4. Watch out for fruits. They in particular are different than most other foods. Many of them will actually deteriorating faster when inside a cool environment. Apples are a good example. When removed from the sealed bag and put into the refrigerator, they leave their dormant state and begin to literally “breathe”. Taking on more air leads to accelerated decay.

5. Beware the preserves. Odours can occur when an old container (Aunt Martha’s Christmas jam?) is pushed to the back of the refrigerator and forgotten. Being semi-sealed they can produce slow, almost imperceptible spills and gasses. If you have a really obnoxious smell that comes and goes, look for preserved pickles or fruits. Preserved jams on the other hand will tend to bubble out, producing sticky spills.

6. Throw away leaking containers. Milk bags in particular are renowned for leaking. Simply pouring contents into a sealed container before placing into refrigerator will eliminate this problem. If leak occurs clean the entire shelf immediately. Even a few drops of milk or cream can cause horrible odours if left long enough to go sour.

7. Beware the stinky cheese. Store within its own sealed container rather than open on the dairy shelf. It’s a live food. It continues to age because of bacterial content. As it ages its characteristics can change. While processed cheeses harden with age, natural cheeses can start to weep. Weeping will produce ever-increasing amounts of gas. Some cheeses can really start to stink. Anyone who has ever had cheese go bad will never forget the smell.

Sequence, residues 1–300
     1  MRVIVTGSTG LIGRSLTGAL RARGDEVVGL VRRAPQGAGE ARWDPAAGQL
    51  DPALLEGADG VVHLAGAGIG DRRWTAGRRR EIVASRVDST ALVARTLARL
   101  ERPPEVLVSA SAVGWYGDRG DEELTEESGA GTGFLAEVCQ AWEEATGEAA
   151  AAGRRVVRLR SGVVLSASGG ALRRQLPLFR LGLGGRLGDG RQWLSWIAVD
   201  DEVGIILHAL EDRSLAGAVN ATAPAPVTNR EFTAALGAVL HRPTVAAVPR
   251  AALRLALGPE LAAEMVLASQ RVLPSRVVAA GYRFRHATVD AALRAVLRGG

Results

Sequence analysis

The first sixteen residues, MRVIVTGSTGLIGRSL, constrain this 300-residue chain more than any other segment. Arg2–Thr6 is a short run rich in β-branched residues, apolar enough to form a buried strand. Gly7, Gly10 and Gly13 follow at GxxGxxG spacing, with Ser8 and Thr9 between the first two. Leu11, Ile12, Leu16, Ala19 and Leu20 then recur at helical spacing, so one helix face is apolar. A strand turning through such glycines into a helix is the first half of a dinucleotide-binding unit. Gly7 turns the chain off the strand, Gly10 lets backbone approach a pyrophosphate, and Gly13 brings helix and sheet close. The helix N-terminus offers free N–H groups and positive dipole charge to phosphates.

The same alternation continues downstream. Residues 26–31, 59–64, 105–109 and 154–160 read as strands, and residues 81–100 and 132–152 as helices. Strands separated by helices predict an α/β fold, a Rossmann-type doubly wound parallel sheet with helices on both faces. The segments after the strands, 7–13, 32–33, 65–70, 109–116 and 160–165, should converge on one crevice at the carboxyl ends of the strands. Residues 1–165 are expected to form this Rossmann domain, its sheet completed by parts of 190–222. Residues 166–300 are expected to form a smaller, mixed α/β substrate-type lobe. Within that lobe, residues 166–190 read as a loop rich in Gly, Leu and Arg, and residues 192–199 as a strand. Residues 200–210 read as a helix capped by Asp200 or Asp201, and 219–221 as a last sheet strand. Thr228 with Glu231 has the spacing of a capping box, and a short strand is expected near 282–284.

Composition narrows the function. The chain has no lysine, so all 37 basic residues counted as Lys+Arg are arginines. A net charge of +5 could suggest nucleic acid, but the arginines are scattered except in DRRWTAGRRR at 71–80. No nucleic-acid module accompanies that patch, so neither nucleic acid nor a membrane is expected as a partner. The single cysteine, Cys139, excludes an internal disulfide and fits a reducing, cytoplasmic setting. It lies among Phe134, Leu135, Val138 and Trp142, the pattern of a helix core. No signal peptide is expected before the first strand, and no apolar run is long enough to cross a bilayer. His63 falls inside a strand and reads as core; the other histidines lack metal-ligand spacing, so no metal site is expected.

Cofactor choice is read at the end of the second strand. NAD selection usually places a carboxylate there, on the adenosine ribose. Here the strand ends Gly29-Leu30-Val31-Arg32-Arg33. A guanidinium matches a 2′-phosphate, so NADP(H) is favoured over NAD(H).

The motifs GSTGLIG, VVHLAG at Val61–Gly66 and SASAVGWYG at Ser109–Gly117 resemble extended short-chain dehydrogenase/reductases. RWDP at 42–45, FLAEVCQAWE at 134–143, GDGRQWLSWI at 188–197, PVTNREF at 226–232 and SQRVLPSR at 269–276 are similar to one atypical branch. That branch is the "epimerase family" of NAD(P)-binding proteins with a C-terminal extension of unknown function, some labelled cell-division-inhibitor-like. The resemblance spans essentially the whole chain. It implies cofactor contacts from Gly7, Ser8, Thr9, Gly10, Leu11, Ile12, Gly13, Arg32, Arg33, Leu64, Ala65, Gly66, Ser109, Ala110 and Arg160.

8. Be aware of packaging. Pre-packaged foods can become odour absorbers. Cardboard containers can easily pick up and then hold any odours that are circulating inside the refrigerator. Also the cartons can break down with age, slowly spilling their contents. Ever found an old cardboard carton of molasses at the rear of the refrigerator. Bet you it’s been there since you made baked beans. Ten years ago?

Keeping your refrigerator interior clean and smelling fresh requires constant vigilance. The major advice we offer our clients about preventing odours is -- don’t let them get started. Although a simplistic answer, it’s truthful. A bad smell is much easier to prevent than to treat.

Copyright © Donald Grummett 2005. All rights reserved.

Need answers about repairs and maintenance of Household Appliances? With 30 years experience Donald Grummett can help. Visit http://www.mgservices.ca to learn more invaluable information.